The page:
MotoOnline.com.au gets an array of opinions on the current downsizing of MX2 programs in Australia.
One of the biggest developmental shifts we’ve seen over the past few months is the amount of Australian factory motocross teams either downsizing or slashing their MX2 race programs.
The sudden change of heart has thrown the Lites class into uncertainty and turmoil as the best riders in Australasia vie for fewer seats and less support. It’s forced some riders to sit back in U19s and others are looking at walking away from the sport altogether.
MotoOnline.com.au speaks to a cross-section of the industry to get their opinion on this shift in the motocross landscape.
Luke Arbon – MX2 racer
My ride with Berry Sweet Yamaha has fallen through and right now I haven’t got a ride for next year. I’ve spoken to a few teams, but nothing’s come up and honestly, there’s no way I can afford to race the nationals without support. If nothing comes up I’m going to have to get a job and just look at racing the local races.
It’s a shitty situation and a lot of riders are facing the same problem. If we can’t get support in the 250s it’s going to make it harder to progress to the 450s and will seriously diminish the talent pool. I think it will restrict the sport to those who can afford to do it, not necessarily to those with the most talent. It’s not worth risking your life for no return or reward, and it’s making me question my future involvement in the sport.
Troy Carroll – Monster Energy Kawasaki team manager
The reason behind our decision to drop the MX2 seat is to focus wholly and solely on the MX1 riders. On race day it’s very difficult to jump between classes and give everyone the support they need. There’s too much pressure and money involved with developing the 250Fs; you need to spend a lot of money to get the horsepower gains and the parts budget we burn through is almost double that of the 450s.
In some ways MX2 is like Formula 1 where it’s all about how much power you can get out of it, whereas on the 450s, it’s about where you manage and place the power you have available. MX2 is a money-burning experience, but now we can focus on streamlining our operation and give each of our riders the attention and time they deserve.
Kawasaki will still have a Lites team of two riders, but it will be separate from Monster Energy Kawasaki. We’re giving all of our Lites development details to the new team so they have a great starting point from which to build a competitive race bike. Kawasaki will make an announcement about this new team in the coming weeks.
Gavin Eales – Serco Metal Mulisha Yamaha racing team manager
Serco will still continue its MX2 Yamaha campaign next year with Luke Styke and Luke Clout. Personally I think the race-teams are just spoilt with how good the bikes are nowadays. Three or four years ago every race team worked its arse off on race development, but now people are getting lazy.
Most race teams don’t have mechanics any more – all the young guys coming through are just professional parts fitters who wouldn’t know the first thing about engine development. Development is a fact of life and we do thousands of dyno runs to get our bikes finely tuned. From a financial point of view it’s probably not worth it and we wouldn’t do it if we were trying to make money, but we’re passionate about racing and it puts credibility in our products – what we race is what the customers can buy.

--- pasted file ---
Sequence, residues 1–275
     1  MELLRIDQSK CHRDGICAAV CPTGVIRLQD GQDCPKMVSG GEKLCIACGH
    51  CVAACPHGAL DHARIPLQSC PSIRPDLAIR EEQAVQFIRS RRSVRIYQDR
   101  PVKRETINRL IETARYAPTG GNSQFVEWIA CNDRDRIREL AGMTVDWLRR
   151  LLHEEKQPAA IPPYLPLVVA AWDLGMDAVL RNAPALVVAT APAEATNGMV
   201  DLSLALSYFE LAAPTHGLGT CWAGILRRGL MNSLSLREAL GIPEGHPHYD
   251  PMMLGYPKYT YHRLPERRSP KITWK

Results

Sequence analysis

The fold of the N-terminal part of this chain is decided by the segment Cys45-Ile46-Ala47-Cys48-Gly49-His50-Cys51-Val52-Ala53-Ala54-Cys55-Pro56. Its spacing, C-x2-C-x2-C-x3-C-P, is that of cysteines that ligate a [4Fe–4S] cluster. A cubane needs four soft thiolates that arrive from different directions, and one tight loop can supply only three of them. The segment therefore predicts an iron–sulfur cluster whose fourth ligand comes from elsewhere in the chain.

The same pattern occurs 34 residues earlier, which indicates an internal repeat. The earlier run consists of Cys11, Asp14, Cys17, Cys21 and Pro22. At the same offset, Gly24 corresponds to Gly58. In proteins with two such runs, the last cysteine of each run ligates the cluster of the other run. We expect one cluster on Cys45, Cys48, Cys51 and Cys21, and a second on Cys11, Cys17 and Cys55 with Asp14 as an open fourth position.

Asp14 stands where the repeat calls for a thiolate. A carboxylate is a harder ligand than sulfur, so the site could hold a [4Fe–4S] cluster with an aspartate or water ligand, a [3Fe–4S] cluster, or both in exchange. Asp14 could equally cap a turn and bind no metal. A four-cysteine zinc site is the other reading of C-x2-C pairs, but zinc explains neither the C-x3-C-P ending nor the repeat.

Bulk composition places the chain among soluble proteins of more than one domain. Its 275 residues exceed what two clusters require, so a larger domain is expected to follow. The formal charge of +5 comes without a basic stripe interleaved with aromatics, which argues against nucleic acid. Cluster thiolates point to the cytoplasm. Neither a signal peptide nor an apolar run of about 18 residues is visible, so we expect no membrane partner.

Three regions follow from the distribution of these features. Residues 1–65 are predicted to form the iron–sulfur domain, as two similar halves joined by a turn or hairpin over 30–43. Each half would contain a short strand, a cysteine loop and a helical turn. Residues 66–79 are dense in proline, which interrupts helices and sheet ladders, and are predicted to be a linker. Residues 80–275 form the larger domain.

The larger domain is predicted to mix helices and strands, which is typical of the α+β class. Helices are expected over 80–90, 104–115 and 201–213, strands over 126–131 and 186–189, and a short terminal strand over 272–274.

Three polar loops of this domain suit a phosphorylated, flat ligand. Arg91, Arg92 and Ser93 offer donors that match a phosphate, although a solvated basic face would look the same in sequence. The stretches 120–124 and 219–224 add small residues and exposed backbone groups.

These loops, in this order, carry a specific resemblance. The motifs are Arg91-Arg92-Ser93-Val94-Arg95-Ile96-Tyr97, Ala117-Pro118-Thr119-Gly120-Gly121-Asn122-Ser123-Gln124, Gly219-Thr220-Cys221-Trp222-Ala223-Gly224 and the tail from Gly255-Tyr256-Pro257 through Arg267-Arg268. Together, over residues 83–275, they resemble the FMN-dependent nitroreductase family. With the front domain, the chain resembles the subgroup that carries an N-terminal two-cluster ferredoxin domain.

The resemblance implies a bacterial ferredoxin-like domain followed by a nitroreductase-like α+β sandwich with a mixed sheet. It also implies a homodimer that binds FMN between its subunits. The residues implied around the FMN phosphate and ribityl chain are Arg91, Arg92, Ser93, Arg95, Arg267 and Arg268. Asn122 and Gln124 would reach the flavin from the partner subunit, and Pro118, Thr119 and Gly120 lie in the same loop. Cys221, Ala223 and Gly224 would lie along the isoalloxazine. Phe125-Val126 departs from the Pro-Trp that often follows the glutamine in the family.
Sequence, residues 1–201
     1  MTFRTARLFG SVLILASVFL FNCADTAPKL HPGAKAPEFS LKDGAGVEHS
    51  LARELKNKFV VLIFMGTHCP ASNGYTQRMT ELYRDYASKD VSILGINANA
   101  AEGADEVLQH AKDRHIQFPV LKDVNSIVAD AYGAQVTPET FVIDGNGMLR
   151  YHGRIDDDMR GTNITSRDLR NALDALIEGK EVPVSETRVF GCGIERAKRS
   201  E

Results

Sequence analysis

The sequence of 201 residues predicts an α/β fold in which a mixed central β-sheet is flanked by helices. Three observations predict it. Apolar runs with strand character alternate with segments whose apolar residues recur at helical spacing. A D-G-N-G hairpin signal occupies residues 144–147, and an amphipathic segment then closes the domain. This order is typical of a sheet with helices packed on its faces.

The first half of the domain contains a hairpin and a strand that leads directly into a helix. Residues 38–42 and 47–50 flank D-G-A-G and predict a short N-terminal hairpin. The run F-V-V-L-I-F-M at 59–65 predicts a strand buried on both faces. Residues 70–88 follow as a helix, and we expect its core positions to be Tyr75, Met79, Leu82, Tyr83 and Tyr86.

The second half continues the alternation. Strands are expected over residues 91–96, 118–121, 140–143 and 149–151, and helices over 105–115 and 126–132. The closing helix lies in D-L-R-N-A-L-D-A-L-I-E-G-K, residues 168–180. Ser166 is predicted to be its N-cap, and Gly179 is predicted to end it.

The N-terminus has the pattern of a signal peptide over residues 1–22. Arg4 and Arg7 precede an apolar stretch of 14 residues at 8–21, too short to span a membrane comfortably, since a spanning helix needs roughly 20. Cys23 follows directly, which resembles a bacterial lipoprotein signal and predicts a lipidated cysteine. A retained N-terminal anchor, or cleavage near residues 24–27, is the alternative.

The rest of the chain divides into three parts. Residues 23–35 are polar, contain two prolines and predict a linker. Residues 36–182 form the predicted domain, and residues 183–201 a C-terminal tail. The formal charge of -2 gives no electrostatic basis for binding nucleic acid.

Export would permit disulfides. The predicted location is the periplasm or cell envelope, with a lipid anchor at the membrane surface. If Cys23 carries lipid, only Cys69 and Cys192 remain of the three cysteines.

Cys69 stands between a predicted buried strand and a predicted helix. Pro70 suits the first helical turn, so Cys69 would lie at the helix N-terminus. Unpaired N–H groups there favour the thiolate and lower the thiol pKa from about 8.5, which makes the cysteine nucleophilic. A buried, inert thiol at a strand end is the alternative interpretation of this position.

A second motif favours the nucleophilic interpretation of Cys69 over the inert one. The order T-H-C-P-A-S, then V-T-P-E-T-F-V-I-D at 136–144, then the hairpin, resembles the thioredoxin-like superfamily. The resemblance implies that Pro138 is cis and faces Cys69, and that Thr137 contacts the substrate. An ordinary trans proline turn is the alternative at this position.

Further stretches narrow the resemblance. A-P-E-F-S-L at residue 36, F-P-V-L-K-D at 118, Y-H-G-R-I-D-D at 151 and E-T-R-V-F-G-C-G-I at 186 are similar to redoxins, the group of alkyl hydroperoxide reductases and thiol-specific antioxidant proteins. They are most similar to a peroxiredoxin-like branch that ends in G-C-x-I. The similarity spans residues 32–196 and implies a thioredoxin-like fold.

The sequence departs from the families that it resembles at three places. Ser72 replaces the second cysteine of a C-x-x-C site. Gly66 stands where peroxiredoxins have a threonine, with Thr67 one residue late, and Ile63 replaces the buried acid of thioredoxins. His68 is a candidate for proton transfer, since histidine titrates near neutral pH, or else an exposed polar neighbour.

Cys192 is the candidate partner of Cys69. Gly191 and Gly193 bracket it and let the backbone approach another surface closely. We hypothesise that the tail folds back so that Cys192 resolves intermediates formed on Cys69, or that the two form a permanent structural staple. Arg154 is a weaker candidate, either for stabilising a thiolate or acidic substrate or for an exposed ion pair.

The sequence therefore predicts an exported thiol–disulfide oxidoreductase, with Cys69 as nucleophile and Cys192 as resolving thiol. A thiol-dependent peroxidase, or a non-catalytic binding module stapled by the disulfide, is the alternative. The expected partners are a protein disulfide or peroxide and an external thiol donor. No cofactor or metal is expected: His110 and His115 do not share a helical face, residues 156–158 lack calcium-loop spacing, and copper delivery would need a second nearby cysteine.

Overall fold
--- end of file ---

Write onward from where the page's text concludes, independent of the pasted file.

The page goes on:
Yarrive Konsky – Carlton Dry Thor Honda Racing team manager
We haven’t completely withdrawn from running a Lites bike in competition. We have a concentrated effort in junior motocross competition for 2013 that we will announce shortly. We are still deciding and discussing what we will do in the 2013 Australian Motocross Championship.
There is a possibility we still may do something, however it’s more than likely we will support a satellite team. We are going to run Lites riders for supercross with Gavin Faith and Hayden Melross most likely to take the seats we make available. As for motocross we wanted to concentrate on the MX1 class as it has a higher profile and Honda has an all new 450.
The other reality is the economy is still recovering and we need to mindful of spend. It’s not only rider salaries that need to be considered, there are mechanics wages, parts, equipment for another rider and the building of fast factory Lites bikes.
Jay Wilson – MXD racer
The current trend is worrying for sure. It seems everyone is focusing on the 450s and there are a lot of Lites riders trying to score only a handful of seats. From what I understand it’s about the race teams trying to maximise their efforts and focusing on one class and cutting down on budgets. I get the fact the bikes are more costly to run, but the sport needs a healthy MX2 class to maintain and build the depth of the MX1 class.
My original plan was to step up to MX2 in 2013, but unless you’re already a top guy with a proven track record, it was going to be hard to get a ride. I’m going to sit back in MXD for another year, get some more experience and hopefully prove myself before I step up.
I know that when I do step up there’s a good chance I might have to go privateer myself. All the MX2 guys are struggling already, and to go privateer will make it twice as hard to get to each round. Without the support I’ve received in the past I wouldn’t be at the nationals now.